Insurance: putting the human touch back into omni-channel distribution

With regulatory restrictions, an ever-increasing competitive landscape, as well as a connected and moving client base, like all market sectors the distribution of insurance has to reinvent itself in the digital era. But, in light of the reduced number of customers buying insurance products in store, how can we meet customer expectations in terms of digitalisation, and at the same time keep a human and personalised customer experience?

Despite their need for autonomy, customers still need to be advised. How, then, can we put the human touch back into customer relationships, at the right time and on right distribution channel?

Though relatively spared from big changes compared with other markets, since 2012 the insurance industry has seen some important developments: changes in regulation to foster competition, high increase of insurance comparison sites positioned as the new agent, as well as the emergence of direct insurers. There are now so many new factors with a direct impact on traditional models of insurance distribution.

Though the digital revolution is clearly in full swing amongst established market players (online policies, mobile apps, smart devices, etc.), there are still several challenges which need to be overcome with regards to distribution. The well-established players on the market are taking the time to think about the role of each channel in the customer relationship, and are following through with bringing together different sales channels so as to satisfy cross-channeling in the client journey.

Within all these developments, one in particular relates to the difficulty of achieving customer loyalty when the customer is ever more clued up and, now, an expert at finding the best offers at the best price. Now less sensitive to brand image, the digital customer cross-checks and compares several sources of information before signing a policy. The act of searching for information is now done online and is one of the first stages in the customer journey.

Integrating the customer’s new digital ecosystem

Despite the fact that selling direct has become widely available, the insurance customer still needs (and always will need) human contact, particularly when signing up to complex and specific policies. In an attempt to stand out from insurers selling direct to consumer, established players still using intermediaries such as agents or brokers are facing a double-challenge; on the one hand, having to reduce their distribution costs by digitalising their admin processes, whilst on the other, being able to upgrade their physical distribution network in an aim to create a unique and far superior customer experience.

Aware of the risk of “uberisation”, the majority of players in the sector must, then, maintain their efforts to achieve digital transformation, particularly by digitalising their sales channels and putting into place paperless management processes. But beyond the implementation of a omni-channel approach or the pursuit of optimising distribution costs, above all they will need to be able to integrate the customer’s new digital ecosystem to match their new uses and needs as closely as possible, to then identify new drivers for growth.

Count on an integrated omni-channel strategy

As a hybrid model aiming to get the best of both worlds, the multi-access distribution model is based on an integrated omni-channel strategy, and is becoming an increasingly attractive option for those in the industry. In this case, it’s the customer who chooses his or her preferred contact method (on-line, via text or call centre, or going in store), and this is at every step in the customer journey. The goal is simple: to replace the agent at the heart of the customer relationship by giving them the opportunity to interact better with customers and, therefore, the ability to further detect new needs.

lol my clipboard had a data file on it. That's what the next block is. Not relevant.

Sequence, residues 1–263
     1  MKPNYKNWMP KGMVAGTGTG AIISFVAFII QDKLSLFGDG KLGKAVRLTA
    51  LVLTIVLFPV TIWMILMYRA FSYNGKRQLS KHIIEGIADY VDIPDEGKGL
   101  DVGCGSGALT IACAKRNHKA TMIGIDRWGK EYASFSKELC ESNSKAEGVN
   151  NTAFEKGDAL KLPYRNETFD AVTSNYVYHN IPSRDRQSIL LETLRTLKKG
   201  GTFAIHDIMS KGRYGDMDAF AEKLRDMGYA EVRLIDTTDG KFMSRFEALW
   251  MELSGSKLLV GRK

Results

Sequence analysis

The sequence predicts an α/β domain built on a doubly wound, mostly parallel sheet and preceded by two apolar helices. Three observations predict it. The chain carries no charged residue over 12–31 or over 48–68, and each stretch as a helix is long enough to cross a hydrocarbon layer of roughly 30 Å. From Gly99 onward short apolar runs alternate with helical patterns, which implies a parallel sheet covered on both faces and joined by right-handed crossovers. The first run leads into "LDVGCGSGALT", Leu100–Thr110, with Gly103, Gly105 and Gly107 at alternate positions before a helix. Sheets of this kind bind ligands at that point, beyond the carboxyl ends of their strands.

Upgrade the physical network

Within an insurance agency, staff play an important role in the omni-channel approach on several levels. They must be able to:

  • Put the dazzle back into the in store customer experience, by putting “phygital” strategies into place. These aim to integrate the digital aspect into physical spaces, by making interactive information stations accessible, as well as tablets for customers so they can discover offers by themselves, for example.
  • Rethink the role of the agent in the omni-channel approach by repositioning their role as advisor or specialist.
  • Digitalise the agent’s job, by tweaking their level of training and their work environment to match that of the customer’s digital ecosystem (updated workstation, availability of touchscreen tablets, smartphones, etc.).
  • Explore new payment possibilities for third-parties to the industry, so as to prevent them from taking over their channels, and to better integrate cross-channel journeys such as ROPO models (research online/purchase offline).   

As well as improving their omni-channel strategy, established players in the industry will also have to think about new means of growth to broaden, diversify, and personalise their offers. They will also have to explore in more detail the opportunities brought about by digital technology such as Big Data and smart devices for predicting and anticipating risk, as close as possible to real customer usage.

Finally, faced with much more intense competition, they will also have to be able to partially reinvent their financial model, so much in terms of innovation in products and services as in the quest for new strategic partnerships and new distribution channels. While the digital route may still seem far off, it does give us a glimpse into the new potential for staff as well as customers.

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Tiphaine Queguiner

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